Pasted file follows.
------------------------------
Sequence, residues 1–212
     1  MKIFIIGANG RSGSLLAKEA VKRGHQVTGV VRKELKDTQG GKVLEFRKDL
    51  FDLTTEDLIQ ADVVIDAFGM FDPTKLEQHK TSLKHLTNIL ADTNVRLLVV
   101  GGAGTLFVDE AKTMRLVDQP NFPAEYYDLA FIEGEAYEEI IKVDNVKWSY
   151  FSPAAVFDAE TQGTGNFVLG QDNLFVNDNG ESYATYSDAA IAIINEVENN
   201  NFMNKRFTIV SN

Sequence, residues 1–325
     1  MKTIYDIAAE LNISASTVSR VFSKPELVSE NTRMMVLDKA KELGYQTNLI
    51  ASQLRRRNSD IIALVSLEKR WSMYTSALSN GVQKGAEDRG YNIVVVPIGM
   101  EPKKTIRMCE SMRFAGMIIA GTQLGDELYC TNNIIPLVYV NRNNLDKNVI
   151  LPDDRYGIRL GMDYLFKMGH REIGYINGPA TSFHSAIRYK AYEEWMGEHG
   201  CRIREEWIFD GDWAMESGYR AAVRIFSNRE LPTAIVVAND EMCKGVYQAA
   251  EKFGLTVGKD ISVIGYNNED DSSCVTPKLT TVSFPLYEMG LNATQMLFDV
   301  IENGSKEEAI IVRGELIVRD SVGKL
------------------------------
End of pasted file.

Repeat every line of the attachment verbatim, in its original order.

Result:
Sequence, residues 1–212
     1  MKIFIIGANG RSGSLLAKEA VKRGHQVTGV VRKELKDTQG GKVLEFRKDL
    51  FDLTTEDLIQ ADVVIDAFGM FDPTKLEQHK TSLKHLTNIL ADTNVRLLVV
   101  GGAGTLFVDE AKTMRLVDQP NFPAEYYDLA FIEGEAYEEI IKVDNVKWSY
   151  FSPAAVFDAE TQGTGNFVLG QDNLFVNDNG ESYATYSDAA IAIINEVENN
   201  NFMNKRFTIV SN

Sequence, residues 1–325
     1  MKTIYDIAAE LNISASTVSR VFSKPELVSE NTRMMVLDKA KELGYQTNLI
    51  ASQLRRRNSD IIALVSLEKR WSMYTSALSN GVQKGAEDRG YNIVVVPIGM
   101  EPKKTIRMCE SMRFAGMIIA GTQLGDELYC TNNIIPLVYV NRNNLDKNVI
   151  LPDDRYGIRL GMDYLFKMGH REIGYINGPA TSFHSAIRYK AYEEWMGEHG
   201  CRIREEWIFD GDWAMESGYR AAVRIFSNRE LPTAIVVAND EMCKGVYQAA
   251  EKFGLTVGKD ISVIGYNNED DSSCVTPKLT TVSFPLYEMG LNATQMLFDV
   301  IENGSKEEAI IVRGELIVRD SVGKL